Sunday, December 3, 2023

Market uncertainty cools farm sales

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Sales in the three months to August were down 21% compared to the same period last year.
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Farm sales have taken a slide and while activity is expected to increase through spring there are still several factors causing uncertainty in the market. 

Real Estate Institute of New Zealand (REINZ) data shows there were 175 farm sales in the three months to August 2023, down 21% compared to the same period last year. 

For the full year, total farm sales, at 1085, are down 31% with 494 fewer sales than in the year to August 2022. 

Sales of dairy farms were down 34%, dairy support down 7.9%, grazing farms down 21%, finishing farms down 39%, and arable farms down 16%.

The median price per hectare at $24,920 for all farms sold in the three months to August was down 8.3% compared to the same period last year, and down 15% compared to the three months ended July 2023.

REINZ said the results were expected, continuing a trend that has been prevalent through most of 2023.

It noted that activity might now be increasing into spring but there are still plenty of factors causing delay and uncertainty, such as wetter-than-usual weather in many areas, the general election, reduced dairy payout forecasts, and recent overseas investment decisions as they affect forestry conversions.

General manager rural for property brokers Conrad Wilkshire said while spring normally brings with it a “spring in the rural market”, there are still a number of factors affecting the market.

“It’s fair to say that the rural real estate market has been challenging as the impacts of higher interest rates and ongoing regulation are absorbed.

“But there is a realisation now this is the new normal and the market is poised for a reset again.

“The market in recent months has definitely shown a positive response to interest rates levelling off, as sales confirm.”

Wilkshire said the Waikato market is as good a case study as anywhere. It is currently highlighting a comeback with strong buyer inquiry and a good line-up of listings to match that.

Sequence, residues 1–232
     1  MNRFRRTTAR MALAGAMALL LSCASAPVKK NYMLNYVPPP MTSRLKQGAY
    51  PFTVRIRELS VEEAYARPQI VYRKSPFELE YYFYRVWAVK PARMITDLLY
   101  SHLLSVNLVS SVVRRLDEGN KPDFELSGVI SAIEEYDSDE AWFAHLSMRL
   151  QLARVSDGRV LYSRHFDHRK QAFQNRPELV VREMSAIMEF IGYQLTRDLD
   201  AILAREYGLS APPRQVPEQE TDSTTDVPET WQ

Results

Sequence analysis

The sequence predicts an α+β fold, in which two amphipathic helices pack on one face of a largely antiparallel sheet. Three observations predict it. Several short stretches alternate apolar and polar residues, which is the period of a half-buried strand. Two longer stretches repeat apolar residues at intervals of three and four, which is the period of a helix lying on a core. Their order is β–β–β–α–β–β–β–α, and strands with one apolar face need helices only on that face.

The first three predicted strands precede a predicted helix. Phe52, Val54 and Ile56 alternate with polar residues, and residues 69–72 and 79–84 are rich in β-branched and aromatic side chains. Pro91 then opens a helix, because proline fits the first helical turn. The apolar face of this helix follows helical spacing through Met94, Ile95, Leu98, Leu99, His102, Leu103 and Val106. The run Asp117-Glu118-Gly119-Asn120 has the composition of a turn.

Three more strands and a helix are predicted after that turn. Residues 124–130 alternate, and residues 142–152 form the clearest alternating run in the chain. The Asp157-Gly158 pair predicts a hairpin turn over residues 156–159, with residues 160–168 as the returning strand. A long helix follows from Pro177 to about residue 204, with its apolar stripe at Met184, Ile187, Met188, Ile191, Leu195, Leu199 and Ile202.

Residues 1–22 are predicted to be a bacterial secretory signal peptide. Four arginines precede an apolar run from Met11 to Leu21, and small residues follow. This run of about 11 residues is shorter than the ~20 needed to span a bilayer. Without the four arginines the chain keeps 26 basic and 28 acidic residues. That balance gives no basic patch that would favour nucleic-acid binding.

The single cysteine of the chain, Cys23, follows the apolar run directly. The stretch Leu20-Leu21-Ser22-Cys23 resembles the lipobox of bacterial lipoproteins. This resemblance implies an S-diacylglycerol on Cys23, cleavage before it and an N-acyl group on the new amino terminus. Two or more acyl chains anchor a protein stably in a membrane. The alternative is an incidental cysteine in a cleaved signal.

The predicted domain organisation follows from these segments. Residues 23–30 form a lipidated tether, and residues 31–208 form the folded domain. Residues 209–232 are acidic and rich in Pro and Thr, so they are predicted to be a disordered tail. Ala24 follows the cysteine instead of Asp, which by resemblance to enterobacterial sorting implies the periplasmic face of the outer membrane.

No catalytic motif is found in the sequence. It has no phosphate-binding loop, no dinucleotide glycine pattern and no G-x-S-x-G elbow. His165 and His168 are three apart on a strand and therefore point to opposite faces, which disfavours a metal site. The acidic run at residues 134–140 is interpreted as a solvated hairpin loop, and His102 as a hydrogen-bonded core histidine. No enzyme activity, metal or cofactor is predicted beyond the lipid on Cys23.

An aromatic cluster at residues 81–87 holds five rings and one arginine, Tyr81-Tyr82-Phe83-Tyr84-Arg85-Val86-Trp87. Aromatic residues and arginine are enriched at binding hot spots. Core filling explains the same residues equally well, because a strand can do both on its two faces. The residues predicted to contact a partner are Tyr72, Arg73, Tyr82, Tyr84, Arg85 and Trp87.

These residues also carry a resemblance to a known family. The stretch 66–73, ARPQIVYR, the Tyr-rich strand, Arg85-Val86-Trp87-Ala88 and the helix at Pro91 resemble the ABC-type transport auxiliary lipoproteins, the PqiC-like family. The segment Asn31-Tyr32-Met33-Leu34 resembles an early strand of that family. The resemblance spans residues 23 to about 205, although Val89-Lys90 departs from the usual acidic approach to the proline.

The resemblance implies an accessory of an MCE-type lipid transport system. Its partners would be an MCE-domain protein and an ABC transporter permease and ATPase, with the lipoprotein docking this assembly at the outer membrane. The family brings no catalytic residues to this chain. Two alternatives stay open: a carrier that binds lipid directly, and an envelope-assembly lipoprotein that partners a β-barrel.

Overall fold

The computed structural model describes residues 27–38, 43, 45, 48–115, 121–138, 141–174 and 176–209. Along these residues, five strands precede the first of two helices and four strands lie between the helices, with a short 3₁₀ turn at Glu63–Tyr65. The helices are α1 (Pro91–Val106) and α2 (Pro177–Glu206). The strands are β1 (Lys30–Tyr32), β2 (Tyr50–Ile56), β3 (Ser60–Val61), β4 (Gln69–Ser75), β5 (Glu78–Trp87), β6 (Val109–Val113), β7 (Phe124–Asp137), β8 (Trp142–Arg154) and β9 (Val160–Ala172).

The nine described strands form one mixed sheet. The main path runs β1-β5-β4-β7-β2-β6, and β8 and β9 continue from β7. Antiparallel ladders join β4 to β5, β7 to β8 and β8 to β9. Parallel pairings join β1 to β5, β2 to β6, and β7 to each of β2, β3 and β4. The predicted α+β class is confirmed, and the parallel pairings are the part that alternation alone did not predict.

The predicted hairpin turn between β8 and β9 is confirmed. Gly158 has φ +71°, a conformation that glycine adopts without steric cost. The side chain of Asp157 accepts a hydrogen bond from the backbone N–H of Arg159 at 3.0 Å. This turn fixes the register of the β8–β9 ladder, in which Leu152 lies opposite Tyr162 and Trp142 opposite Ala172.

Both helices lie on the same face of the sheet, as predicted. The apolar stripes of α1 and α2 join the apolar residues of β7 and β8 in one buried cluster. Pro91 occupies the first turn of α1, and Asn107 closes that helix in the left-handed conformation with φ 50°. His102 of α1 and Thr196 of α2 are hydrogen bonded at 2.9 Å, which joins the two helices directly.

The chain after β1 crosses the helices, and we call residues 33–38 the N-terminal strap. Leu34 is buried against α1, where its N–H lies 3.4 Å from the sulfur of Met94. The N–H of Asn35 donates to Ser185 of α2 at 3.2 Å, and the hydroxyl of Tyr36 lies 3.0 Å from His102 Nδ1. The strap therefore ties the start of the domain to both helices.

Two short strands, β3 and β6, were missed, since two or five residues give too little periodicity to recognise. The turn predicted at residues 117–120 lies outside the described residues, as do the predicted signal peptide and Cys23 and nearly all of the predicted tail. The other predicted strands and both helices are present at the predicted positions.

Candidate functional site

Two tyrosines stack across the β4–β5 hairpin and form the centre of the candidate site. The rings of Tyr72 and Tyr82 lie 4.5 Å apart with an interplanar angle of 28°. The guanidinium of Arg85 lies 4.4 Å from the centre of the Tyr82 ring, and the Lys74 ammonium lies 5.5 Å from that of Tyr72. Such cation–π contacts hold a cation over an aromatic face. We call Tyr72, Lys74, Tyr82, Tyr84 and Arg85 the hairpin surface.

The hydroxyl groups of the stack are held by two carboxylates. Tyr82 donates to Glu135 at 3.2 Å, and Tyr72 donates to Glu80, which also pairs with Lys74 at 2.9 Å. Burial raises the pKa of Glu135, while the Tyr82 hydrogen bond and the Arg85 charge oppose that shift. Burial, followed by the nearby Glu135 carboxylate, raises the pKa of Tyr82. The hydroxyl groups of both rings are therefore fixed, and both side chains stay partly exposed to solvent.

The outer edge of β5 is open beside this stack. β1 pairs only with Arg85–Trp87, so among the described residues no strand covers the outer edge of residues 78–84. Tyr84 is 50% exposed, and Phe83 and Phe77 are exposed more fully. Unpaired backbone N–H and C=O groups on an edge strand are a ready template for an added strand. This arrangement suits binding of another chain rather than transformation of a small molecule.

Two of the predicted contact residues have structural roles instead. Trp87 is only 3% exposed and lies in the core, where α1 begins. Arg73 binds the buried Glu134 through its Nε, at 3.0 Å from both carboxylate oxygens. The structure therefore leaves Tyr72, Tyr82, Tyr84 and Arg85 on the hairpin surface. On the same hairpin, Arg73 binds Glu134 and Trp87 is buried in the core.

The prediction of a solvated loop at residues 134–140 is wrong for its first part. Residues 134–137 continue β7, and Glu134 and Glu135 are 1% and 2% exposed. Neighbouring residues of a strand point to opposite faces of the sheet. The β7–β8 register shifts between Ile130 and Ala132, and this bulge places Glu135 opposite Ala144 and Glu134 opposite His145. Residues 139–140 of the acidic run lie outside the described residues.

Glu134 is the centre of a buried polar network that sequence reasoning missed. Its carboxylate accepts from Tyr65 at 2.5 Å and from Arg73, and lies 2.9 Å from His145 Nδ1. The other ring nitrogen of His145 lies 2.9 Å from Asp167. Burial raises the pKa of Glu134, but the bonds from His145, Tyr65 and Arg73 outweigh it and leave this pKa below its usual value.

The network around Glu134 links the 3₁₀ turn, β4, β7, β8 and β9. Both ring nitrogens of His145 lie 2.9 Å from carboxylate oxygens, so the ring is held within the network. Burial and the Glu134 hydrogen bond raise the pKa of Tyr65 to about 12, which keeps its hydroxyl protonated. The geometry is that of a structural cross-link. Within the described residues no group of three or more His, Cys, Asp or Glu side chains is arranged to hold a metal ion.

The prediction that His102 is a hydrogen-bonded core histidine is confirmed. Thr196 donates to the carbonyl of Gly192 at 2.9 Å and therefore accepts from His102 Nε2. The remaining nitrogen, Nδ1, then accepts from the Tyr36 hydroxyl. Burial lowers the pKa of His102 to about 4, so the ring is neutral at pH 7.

“We have had some good early results this past month with both dairy and drystock properties. 

“Open farm attendance is way ahead of the same time last year, and with a surprising number of cashed-up buyers in the market.  

“With the primary sector still forecast to deliver 80% of NZ’s export receipts, we need to look at all options, at times being more creative to get deals together to help vendors and purchasers achieve their long-term goals.” 

REINZ rural spokesperson Shane O’Brien said the lower sales volume is expected during the winter months but it is encouraging to note that despite a lower number of sales than previous years, median sale prices are holding across most sectors. 
“The wetter-than-usual winter across many regions has seen a delay in releasing some properties to the market and some vendors are choosing to hold off, awaiting the outcome of the general election to give more certainty around buying and selling decisions.
“Many of the rural sales teams are already noting an increase in activity as we hit spring with listings being readied for market.” 

O’Brien said there is no doubt the recent drop in the dairy payout has impacted prospective buyers for dairy farms and dairy support land, but this is expected to be short term.
Interest continues in the carbon and forestry sector.

“But the market noted the recent decision by the Overseas Investment Office [OIO] to not approve two applications for land for forestry conversion will undoubtedly be a factor for some buyers to consider.

“REINZ was recently advised that there are 18 applications for rural land to be converted to forestry sitting before the OIO and ministers awaiting approval,” O’Brien said.  

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